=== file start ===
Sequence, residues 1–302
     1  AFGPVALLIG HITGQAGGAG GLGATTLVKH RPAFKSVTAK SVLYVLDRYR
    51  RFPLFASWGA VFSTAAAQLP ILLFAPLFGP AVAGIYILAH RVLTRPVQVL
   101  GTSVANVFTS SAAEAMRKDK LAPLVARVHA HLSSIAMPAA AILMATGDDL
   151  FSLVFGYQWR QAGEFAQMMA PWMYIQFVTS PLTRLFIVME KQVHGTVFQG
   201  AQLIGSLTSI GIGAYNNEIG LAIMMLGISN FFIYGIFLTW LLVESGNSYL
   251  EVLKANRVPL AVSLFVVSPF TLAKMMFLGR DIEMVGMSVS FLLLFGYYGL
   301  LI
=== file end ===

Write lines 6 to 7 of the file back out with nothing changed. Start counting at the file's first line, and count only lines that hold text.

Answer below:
   201  AQLIGSLTSI GIGAYNNEIG LAIMMLGISN FFIYGIFLTW LLVESGNSYL
   251  EVLKANRVPL AVSLFVVSPF TLAKMMFLGR DIEMVGMSVS FLLLFGYYGL